Ordinary Time: January 23rd
Optional Memorials of St. Vincent of Saragossa, deacon & martyr; St. Marianne Cope
Previous Calendar: St. Raymund of Penafort, confessor; St. Emerentiana, virgin and martyr; St. John the Almoner (hist)
St. Vincent of Saragossa, one of the greatest deacons of the Church, suffered martyrdom in Valencia in the persecution under Diocletian. He was born in Huesca, Spain.Marianne Cope was born on January 23, 1838, in Darmstadt, Germany. In 1862, she entered the Sisters of Saint Francis in Syracuse, New York, after having postponed her entrance nine years in order to fulfill family obligations. She was instrumental in the founding of several schools and hospitals for immigrants. In 1883, she led a group of sisters to the Hawaiian Islands to care for the poor, especially those suffering from leprosy. In 1888 she went to Kalaupapa, Moloka‘i, where she set up a home for girls with leprosy. After the death of Saint Damien de Veuster, she also took over the home he built for boys. She died on August 9, 1918.According to the 1962 Missal of St. John XXIII the Extraordinary Form of the Roman Rite today is the feast of St. Raymond of Penafort which is now celebrated on January 7 on the General Roman Calendar. It is also the commemoration of St. Emerentiana whose veneration is connected with that of St. Agnes. She was venerated at Rome not far from the Basilica of St. Agnes-Outside-the-Walls on the via Nomentana. The acts of St. Agnes make Emerentiana her foster sister; according to this source, while still a catechumen she was stoned at the tomb of the youthful martyr where she had gone to pray. The Week of Prayer for Christian Unity
St. Vincent of Saragossa
Vincent of Saragossa was one of the Church's three most illustrious deacons, the other two being Stephen and Lawrence. He is also Spain's most renowned martyr. Ordained deacon by Bishop Valerius of Saragossa, he was taken in chains to Valencia during the Diocletian persecution and put to death. From legend we have the following details of his martyrdom. After brutal scourging in the presence of many witnesses, he was stretched on the rack; but neither torture nor blandishments nor threats could undermine the strength and courage of his faith. Next, he was cast on a heated grating, lacerated with iron hooks, and seared with hot metal plates. Then he was returned to prison, where the floor was heavily strewn with pieces of broken glass. A heavenly brightness flooded the entire dungeon, filling all who saw it with greatest awe.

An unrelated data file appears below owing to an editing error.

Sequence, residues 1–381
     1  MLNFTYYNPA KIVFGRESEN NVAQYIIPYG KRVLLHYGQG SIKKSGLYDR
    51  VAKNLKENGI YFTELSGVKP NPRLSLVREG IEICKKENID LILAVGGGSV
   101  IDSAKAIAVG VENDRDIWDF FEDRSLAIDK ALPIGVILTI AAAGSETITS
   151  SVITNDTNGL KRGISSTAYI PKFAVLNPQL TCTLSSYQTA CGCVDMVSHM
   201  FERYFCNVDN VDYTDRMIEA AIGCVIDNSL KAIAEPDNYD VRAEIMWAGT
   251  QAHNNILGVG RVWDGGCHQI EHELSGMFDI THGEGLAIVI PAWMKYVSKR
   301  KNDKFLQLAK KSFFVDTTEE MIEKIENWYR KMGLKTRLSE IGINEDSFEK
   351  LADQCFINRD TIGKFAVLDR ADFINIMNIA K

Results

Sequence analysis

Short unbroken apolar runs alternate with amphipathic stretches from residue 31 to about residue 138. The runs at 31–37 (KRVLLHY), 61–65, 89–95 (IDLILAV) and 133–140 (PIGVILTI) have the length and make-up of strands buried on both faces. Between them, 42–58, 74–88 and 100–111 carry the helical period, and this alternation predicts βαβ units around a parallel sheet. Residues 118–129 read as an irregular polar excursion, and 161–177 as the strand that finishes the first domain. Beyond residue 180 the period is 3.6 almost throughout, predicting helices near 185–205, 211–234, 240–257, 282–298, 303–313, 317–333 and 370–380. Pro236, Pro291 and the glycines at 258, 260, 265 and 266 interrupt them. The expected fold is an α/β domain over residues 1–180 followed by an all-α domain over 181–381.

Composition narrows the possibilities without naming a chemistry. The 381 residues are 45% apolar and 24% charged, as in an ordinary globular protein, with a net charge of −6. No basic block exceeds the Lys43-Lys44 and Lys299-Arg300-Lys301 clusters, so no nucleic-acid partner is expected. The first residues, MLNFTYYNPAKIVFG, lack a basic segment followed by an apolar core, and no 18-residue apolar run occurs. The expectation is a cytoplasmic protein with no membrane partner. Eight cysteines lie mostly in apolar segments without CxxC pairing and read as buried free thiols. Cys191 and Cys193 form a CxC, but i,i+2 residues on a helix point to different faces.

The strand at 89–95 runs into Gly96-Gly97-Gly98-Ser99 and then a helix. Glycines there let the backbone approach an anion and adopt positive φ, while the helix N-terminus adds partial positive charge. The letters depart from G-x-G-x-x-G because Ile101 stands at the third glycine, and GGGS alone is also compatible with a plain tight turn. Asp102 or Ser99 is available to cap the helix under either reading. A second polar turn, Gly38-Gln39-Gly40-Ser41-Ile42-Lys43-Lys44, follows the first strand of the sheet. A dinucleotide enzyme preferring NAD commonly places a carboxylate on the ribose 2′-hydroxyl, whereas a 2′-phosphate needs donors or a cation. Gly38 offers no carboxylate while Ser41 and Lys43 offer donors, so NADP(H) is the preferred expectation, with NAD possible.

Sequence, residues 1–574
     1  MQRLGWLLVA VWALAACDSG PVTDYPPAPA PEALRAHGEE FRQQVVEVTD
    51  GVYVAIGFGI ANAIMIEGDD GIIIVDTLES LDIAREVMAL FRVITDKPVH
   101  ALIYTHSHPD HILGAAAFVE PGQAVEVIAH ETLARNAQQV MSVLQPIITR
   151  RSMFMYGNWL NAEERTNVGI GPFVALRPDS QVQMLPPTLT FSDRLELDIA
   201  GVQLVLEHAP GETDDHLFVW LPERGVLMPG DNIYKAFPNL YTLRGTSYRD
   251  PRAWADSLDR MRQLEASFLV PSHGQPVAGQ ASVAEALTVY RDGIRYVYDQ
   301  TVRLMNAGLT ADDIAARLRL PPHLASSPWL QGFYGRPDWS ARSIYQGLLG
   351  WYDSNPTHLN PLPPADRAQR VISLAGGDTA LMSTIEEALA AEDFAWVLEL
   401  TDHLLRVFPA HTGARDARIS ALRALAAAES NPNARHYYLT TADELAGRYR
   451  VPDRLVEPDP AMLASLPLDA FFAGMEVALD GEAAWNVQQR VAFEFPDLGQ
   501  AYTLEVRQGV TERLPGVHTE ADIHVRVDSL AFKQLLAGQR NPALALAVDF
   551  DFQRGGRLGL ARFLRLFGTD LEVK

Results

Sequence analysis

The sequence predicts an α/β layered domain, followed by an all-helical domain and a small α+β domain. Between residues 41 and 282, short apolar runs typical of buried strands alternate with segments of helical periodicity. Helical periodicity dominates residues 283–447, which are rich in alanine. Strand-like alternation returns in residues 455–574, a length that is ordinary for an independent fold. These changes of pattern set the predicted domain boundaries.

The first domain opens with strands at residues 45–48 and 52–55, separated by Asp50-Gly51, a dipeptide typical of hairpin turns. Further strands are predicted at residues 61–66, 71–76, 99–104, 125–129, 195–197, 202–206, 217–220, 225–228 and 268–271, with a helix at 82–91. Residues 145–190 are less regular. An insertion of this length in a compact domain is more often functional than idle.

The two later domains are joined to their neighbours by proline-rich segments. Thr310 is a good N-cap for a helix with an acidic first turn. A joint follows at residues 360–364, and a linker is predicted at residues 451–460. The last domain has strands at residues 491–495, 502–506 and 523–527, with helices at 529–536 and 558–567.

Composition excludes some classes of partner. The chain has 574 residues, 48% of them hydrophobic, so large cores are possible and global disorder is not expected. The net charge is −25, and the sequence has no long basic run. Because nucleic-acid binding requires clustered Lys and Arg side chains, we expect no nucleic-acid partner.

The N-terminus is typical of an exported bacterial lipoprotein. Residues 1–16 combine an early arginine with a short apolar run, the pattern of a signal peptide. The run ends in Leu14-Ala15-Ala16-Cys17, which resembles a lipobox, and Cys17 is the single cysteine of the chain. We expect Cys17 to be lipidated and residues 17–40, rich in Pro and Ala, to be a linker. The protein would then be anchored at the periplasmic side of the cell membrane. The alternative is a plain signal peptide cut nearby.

- Read this account of St. Vincent's martyrdom.
- Pray to St. Vincent for those ordained deacons in the Church, especially those in your own parish.
- Read Acts of the Apostles 6:1-7 to discover the role of deacons in the early Church.
- Cook a Spanish dish in honor of St. Vincent.
St. Marianne Cope
St. Marianne Cope was born in western Germany in 1838. She entered religious life in Syracuse, N.Y. in 1862. She served as a teacher and principal in several schools in the state and established two of the first hospitals in the central New York area: St. Elizabeth Hospital in Utica and St. Joseph’s Hospital in Syracuse.
- For more information on St. Marianne Cope visit Hawaii Magazine and the Vatican
- Watch this YouTube video about St. Marianne Cope
St. Emerentiana was a Roman virgin, the foster sister of St. Agnes who died at Rome in the third century. Already as a catechumen she was conspicuous for her faith and love of Christ. One day she boldly upbraided the idolaters for their violent attacks on the Christians. The enraged mob retaliated by pelting her with stones. She died in the Lord praying at the tomb of St. Agnes, baptized in her own blood.
St. John the Almoner
St. John was married, but when his wife and two children died he considered it a call from God to lead a perfect life. He began to give away all he possessed in alms, and became known throughout the East as the Almoner. He was appointed Patriarch of Alexandria; but before he would take possession of his see he told his servants to go over the town and bring him a list of his lords-meaning the poor. They brought word that there were seventy-five hundred of them, and these he undertook to feed every day.